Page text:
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Interview with Irish playwright, filmmaker Conor McPherson

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Staff artist Patterson Clark created the sketch of Conor McPherson using the Brushes app on the iPhone. See a time-lapse video of the sketch's development.

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By Peter Marks
Washington Post Staff Writer
Sunday, April 11, 2010

The other visitors can have their museums and their memorials. What Conor McPherson finds captivating in Washington is a steep stone conveyance.

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Yes, those 97 steps in Georgetown made famous by "The Exorcist" make up the tourist destination at the top of McPherson's must-do list. On his previous trip to the city, the Irish playwright and film director, who lives with his wife in a seaside cottage outside Dublin, took in the killer staircase -- prized mostly these days for its aerobic workout possibilities -- and indulged his horror-movie fixation.

"It really speaks to my makeup," McPherson is saying as he digs into his stew at Martin's Tavern, the popular pub on Wisconsin Avenue. And, of course, if you know anything about the 38-year-old writer, the irresistible quality of that cinematic staircase for him is completely comprehensible. This is a guy who can't get ghosts out of his head.

Well, actually, that's not exactly true. He's quite successfully lifted the spectral world out of his imagination in a series of plays that have placed him at the front of a pack of wordsmiths who over the past decade have restored Ireland to the top rank of dramatic hotbeds. Three of his works -- "The Weir" (1999), "Shining City" (2006) and "The Seafarer" (2007) -- have made it to Broadway, a startling achievement for a serious young playwright in the age of "Wicked" and "Jersey Boys."

The special McPherson touch is an ability to endow characters with the gift of lyrical confession and his stories with audience-pleasing whiffs of the supernatural. Ghosts always seem to be hovering in the wings of his plays, and death is a lively preoccupation. Raised a Roman Catholic but no longer religious, he says that his fascination with mortality and the afterlife intensified at University College Dublin, where he became absorbed in dramatics and philosophy. He writes to indulge his curiosity about questions that can't be answered.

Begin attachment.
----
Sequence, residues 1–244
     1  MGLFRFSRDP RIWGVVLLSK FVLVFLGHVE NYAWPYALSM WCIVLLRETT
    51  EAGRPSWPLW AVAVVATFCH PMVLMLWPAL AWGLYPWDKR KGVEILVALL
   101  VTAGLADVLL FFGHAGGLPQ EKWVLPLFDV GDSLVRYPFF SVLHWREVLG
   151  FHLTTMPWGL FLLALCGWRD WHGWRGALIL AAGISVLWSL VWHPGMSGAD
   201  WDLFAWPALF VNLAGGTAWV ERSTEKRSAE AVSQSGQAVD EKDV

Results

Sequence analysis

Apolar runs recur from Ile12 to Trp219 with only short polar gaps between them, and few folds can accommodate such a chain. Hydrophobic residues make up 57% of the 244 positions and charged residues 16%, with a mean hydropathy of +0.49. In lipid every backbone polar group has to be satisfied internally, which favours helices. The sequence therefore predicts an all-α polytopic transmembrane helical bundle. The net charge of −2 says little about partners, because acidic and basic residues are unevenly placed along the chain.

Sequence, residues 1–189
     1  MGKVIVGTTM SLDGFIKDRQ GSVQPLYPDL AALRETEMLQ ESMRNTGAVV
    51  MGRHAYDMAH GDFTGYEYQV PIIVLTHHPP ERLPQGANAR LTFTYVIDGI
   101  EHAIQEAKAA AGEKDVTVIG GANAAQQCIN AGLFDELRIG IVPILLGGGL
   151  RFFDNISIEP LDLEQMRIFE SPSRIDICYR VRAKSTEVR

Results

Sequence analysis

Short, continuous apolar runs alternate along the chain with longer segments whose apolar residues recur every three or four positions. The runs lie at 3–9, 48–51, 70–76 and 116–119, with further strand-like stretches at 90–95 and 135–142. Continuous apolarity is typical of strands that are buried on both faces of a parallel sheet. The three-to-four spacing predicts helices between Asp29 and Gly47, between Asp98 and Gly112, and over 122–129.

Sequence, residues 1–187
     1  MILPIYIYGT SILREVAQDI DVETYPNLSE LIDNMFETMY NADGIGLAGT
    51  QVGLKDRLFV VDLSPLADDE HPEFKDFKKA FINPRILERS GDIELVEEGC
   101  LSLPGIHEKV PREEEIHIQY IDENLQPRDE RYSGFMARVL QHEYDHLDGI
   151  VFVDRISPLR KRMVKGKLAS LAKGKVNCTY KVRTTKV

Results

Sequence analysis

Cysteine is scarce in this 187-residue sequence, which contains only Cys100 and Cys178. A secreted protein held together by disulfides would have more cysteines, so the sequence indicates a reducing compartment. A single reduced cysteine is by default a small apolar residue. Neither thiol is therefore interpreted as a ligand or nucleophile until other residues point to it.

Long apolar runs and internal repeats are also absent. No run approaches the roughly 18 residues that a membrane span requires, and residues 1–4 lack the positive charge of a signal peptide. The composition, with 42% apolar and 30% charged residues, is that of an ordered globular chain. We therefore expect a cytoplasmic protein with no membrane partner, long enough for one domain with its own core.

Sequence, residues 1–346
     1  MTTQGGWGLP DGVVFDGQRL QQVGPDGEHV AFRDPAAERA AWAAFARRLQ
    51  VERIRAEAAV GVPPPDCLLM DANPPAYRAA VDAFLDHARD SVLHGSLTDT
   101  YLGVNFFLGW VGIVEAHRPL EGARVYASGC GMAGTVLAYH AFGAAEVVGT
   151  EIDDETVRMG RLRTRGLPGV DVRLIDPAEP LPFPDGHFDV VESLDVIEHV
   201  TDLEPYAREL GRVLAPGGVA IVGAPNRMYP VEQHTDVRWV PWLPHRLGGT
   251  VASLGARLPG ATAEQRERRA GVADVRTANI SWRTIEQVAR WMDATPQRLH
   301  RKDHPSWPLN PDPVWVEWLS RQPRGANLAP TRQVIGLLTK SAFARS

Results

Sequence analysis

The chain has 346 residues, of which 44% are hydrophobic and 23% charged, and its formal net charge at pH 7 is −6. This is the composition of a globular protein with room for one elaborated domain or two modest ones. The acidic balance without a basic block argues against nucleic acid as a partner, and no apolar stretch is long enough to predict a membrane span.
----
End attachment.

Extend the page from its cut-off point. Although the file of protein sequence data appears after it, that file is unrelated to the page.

"I'm asking, why are we here, and what's beyond?" he says. "We know so little of the why, what the universe is, what infinity is. The veil around us is very fragile."

With his warm gaze and placid features, the redheaded McPherson has the aura of an unflappable English professor, the kind who would keep long office hours and a sympathetic ear for the troubles of his students. No trace of the more tightly wound fellow he once apparently was can be detected as he picks at the pieces of chicken and sips a non-alcoholic beer. (He's previously disclosed that in his 20s, he had a serious drinking problem, for which he eventually received treatment; "Shining City," in fact, revolves around a therapist-patient relationship.)

He's in town on this occasion in his less-celebrated role as a movie director: His modestly budgeted indie film "The Eclipse," which he wrote with Billy Roche, is trying to find an audience. Not to be confused with the similarly titled, forthcoming third installment of the blockbuster "Twilight" franchise, the movie -- which opened Friday -- proved to be a hit entry last spring at the Tribeca Film Festival. Set at, of all things, a literary festival in the Irish village of Cobh, near Cork, it's a feature of offbeat pace, starring Ciaran Hinds as a taciturn shop teacher who's recently lost his wife, and Aidan Quinn as a visiting blowhard of an American author. Perhaps unsurprisingly, the critical reception has been mixed.

But McPherson is buoyed by the interest America has shown in the film -- "The first place that it has gotten distribution is in the U.S.," he says -- and by the idea that he's allowed to follow his artistic bliss, even in the wake of some middling past results. (His 2003 screen comedy, "The Actors" with Michael Caine, was a financial bust.)

"It's not that there are limos pulling up outside my house," he says jokingly of the odd corner of renown he occupies, one that mercifully allows him to live his life free of celebrity encumbrance. He can even attend his plays unrecognized. For him, a lifelong love of movies turned filmmaking into a logical side step, though he says he has no ambition to apply a talent for conjuring things that go bump in the night to more marketable kinds of Hollywood entertainment.

No, at this point, he'd rather forge his less predictable path. Shot in Cobh in the fall of 2008 on a budget of about 2 million euros ($2.6 million), "The Eclipse" is told mostly from the perspective of Hinds's Michael, after he's recruited to chauffeur one of the festival's star attractions (Iben Hjejle), a comely writer in the midst of breaking off an affair with Quinn's philandering Nicholas. In distilling the story for the camera, the playwright says he was entirely in his element.

"When I'm looking through that lens, I'm looking into that world, and it's real. It's such a meditative and transporting thing. The more complete the film, the more real the world became."

Is it possible that the project felt so authentic to him because he'd added his own dash of the unreal? He explains that it was his idea to inject into Roche's original story an unsettling dimension, the visitations on Michael of a series of apparitions. These occur only sporadically in the movie, and materialize in ways that are truly terrifying. When you mention to McPherson that you feel the adrenaline coursing through your body, he brightens considerably. The remark is music to an "Exorcist" lover's ears.


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